Two days ago I was considering what I had been experiencing with Christmas with my kids. Christmas 2008 was awkward and heart-breaking as my ex and I tried to do Christmas together at “home” and it quickly became the story of how many ways I could be a self-righteous SOB to the ex. Christmas 2009 was spent alone and without money. It was horrible overall, despite my reaching out to the kids by reading the “Christmas story” from Luke to them.
This year, because I had a job, some money, and a car, I was able to plan ahead and get the kids for Christmas and New Year’s Eve. We’ve been spending the time in Utah (a halfway place between WA and WY, the circumstances of which shall be covered in a separate post) and I have been gleefully available for every hug and kiss and trying to be a part of every game. I haven’t seen my kids since July and have been staying in contact with them over the phone and, more recently, my daughter and I have been emailing.
Christmas gifting the kids since 2008 has been a different experience to me. For a while I had wanted to simplify and spend less on the kids. We live in a consumer society and I wanted Christmas to be special, a time of peace for the whole family, a time to reach out and “do for others” rather than having the focus on ourselves. But it takes two to make that tango work and I didn't have the support I needed to do it. So, we continued to spend several hundred dollars each Christmas. What really confirmed this feeling for me to spend less was the email my kids’ mother sent last year to me and my parents, telling us what she was getting the kids for Christmas and making available the option to help out with the cost if we wanted to. I was embarrassed to see the total cost outlined for each kid and that it was being made public for all to see how much my then-wife was spending. Everything just seemed wrong.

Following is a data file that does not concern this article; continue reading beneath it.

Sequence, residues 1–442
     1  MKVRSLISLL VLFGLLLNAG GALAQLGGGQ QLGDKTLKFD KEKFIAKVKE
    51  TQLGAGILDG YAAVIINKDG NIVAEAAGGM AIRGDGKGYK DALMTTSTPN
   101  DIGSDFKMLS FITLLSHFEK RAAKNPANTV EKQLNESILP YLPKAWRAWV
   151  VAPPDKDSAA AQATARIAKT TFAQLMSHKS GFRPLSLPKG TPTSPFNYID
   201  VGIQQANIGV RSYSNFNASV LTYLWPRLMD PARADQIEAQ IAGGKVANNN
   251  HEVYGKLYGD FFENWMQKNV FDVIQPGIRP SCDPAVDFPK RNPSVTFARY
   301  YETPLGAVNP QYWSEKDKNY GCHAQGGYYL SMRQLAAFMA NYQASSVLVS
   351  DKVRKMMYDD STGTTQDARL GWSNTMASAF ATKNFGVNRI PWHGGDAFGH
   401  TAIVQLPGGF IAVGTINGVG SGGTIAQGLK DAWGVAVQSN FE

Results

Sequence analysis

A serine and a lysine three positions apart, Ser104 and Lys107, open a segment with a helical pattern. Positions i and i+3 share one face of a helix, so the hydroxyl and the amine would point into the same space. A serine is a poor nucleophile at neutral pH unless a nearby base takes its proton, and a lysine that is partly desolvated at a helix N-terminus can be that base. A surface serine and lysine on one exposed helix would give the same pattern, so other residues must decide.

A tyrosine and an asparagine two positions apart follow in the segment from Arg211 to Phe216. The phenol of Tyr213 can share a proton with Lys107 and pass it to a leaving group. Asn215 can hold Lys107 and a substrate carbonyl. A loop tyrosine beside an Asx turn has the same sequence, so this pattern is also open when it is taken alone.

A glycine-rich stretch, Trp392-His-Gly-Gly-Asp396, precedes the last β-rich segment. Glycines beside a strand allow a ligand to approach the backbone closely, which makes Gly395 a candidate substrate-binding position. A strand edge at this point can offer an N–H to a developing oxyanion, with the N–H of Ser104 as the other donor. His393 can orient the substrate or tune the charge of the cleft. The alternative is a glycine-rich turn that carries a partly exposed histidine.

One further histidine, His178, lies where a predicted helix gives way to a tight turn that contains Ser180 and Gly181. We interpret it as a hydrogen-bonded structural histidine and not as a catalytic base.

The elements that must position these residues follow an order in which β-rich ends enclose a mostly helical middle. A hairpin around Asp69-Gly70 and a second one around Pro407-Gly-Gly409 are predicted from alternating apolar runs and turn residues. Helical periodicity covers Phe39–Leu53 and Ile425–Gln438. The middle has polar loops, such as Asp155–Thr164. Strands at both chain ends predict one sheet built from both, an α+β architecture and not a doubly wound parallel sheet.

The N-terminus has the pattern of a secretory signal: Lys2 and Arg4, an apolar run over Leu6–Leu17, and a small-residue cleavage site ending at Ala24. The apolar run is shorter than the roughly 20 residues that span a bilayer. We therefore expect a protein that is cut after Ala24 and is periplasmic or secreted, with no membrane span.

This year, I wish I could have done more than I have; the kids need and want shoes, Jake threw out his snow gloves because they don't fit anymore, etc.; but the gifting was more purposeful and I am comfortable admitting to anyone how much I spent were they to ask. We did traditional PJs and ornaments, Christmas morning breakfast, and then just spent time together enjoying each other. PEACE, LOVE, MEANING.
Now, assuming we spend the next years flip-flopping who gets the kids for Christmas, that leaves me with only 4 more Christmases with my babies until they are grown. To me it’s devastating because it makes me realize, again, just how much I am missing in a broken marriage. But it also helps narrow my vision to think ahead of time, to do things with purpose and meaning and to make these last 4 “kid” Christmases really special.